After the 2020 census determined Ohio would lose one House representative, the state set out to draw a new map of electoral districts, a task that has created conflict between the state Supreme Court and the commission charged with creating the maps.
There are three maps in question right now, said political reporter for The Plain Dealer Thomas Suddes. The first, and most well known, is the map for Ohio’s federal House of Representatives.
In the House, each state is given representation proportional to its population. Because Ohio’s population grew slower between the 2010 and 2020 censuses than many other states, the state’s number of House representatives dropped from 16 to 15.
That’s not the only map that needs to be redrawn, though. Both houses of Ohio’s state legislature are required to revise their maps every 10 years. While the commission that creates these maps uses the new census results as a guide, the number of seats in each chamber is always the same–33 in the Senate, and 99 in the House.
“The map the (Ohio) Supreme Court has the most problems with right now is the (state) House map,” Suddes said. “They have strict rules to follow; they can’t cut off communities like towns or villages more than once, and they have to be as proportionate to population as possible.”
Twice now, Ohio’s Supreme Court rejected maps passed by the redistricting commission, deeming them unconstitutional.
The rejected maps did not split the legislature in a way that accurately reflects Ohio’s voting records, said Kenneth Bindas, a history professor at Kent State.
In the court’s opinion on the case, Democratic Justice Michael Donnelly wrote that, in the federal House districts, the state should expect 53 percent of seats to go to Republicans. In the map passed by the commission, the number was closer to 80 percent.
The court gave the commission until Feb. 17 to draw a third map with more properly distributed districts. The commission did not meet the deadline, with Ohio Senate President Matt Huffman claiming the task was “impossible.” What happens next is up in the air, Suddes said.
“You could order the commission to try one more time, which the commission is not required to do, as far as I know,” Suddes said. “The second thing is that (the Ohio Supreme Court) could hold members of the commission in contempt.”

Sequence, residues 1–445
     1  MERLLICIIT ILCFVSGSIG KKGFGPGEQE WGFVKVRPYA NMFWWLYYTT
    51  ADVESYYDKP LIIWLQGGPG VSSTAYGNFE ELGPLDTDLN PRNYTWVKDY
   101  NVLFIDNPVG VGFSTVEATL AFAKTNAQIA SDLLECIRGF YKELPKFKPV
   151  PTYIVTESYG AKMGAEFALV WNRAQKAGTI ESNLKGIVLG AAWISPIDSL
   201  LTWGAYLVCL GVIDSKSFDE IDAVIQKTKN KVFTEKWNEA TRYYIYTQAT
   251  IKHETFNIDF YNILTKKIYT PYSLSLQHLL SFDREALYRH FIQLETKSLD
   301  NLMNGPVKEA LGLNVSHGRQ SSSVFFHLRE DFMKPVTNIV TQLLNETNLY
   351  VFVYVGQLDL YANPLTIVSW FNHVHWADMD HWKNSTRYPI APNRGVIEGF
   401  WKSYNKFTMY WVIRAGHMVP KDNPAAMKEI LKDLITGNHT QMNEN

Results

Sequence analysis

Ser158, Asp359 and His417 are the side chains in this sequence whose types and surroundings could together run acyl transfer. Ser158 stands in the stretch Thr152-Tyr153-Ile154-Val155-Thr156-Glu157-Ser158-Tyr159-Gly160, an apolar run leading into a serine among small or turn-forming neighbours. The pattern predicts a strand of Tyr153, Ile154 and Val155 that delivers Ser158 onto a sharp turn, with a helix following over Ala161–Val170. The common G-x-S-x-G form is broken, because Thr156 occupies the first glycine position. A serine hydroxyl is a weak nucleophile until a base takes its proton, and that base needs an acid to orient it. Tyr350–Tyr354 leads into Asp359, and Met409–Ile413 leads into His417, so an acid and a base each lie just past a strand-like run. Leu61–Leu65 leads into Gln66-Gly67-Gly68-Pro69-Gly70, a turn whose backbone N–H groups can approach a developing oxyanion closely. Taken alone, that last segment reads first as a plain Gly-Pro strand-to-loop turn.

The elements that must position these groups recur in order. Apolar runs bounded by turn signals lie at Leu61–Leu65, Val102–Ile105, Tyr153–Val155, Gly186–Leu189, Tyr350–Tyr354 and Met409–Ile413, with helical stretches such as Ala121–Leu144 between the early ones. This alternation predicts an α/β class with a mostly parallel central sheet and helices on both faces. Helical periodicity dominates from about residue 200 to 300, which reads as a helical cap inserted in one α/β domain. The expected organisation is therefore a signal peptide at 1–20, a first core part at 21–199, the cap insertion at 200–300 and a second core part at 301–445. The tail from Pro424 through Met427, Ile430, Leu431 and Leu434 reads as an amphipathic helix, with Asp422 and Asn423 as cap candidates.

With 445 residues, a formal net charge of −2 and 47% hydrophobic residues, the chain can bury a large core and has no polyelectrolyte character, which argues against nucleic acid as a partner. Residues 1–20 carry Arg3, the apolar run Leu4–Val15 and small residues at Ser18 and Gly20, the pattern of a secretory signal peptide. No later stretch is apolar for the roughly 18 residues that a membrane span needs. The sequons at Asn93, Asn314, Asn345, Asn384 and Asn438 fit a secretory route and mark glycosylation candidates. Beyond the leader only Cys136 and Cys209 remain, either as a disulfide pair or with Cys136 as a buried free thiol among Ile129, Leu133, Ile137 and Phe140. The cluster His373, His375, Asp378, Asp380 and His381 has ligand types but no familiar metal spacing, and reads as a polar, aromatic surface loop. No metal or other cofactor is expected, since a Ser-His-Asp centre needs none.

This conflict could lead to an even more complex crisis regarding the separation of powers within the state. The highest-ranking members of both legislative chambers are members of the commission, as well as Gov. Mike DeWine. To hold any of these people in contempt of court could lead to a deeper crisis.
The third option would be for the Ohio Supreme Court to have experts draw a map for the commission to approve. While DeWine said on Feb. 17 that such a proposal from the court would be his preference, it is unclear if the commission would approve it.
With the primary election on May 4, it is becoming increasingly necessary for a map to be approved as quickly as possible.
This level of conflict in the redistricting process is new to this cycle, said Bindas. While the state has created partisan state legislative district maps since 1967, following the creation of a five-member redistricting commission, the district map adopted in 2011 was particularly unpopular within the state.
The partisan nature of Ohio’s Supreme Court is the primary reason this crisis has blindsided many Republicans, Bindas said. In Ohio’s Supreme Court, unlike the federal Supreme Court, the position of justice is an elected one, where potential justices run attached to a party. The current makeup of the court is four Republicans to three Democrats.
“The commission assumed that the Court would fall along party lines,” Bindas said. “Chief Justice O’Connor surprised them by ruling the maps unconstitutional. She’s already taking a lot of heat from Republicans for these decisions.”
Lynn Vandrasik is a reporter. Contact her at [email protected]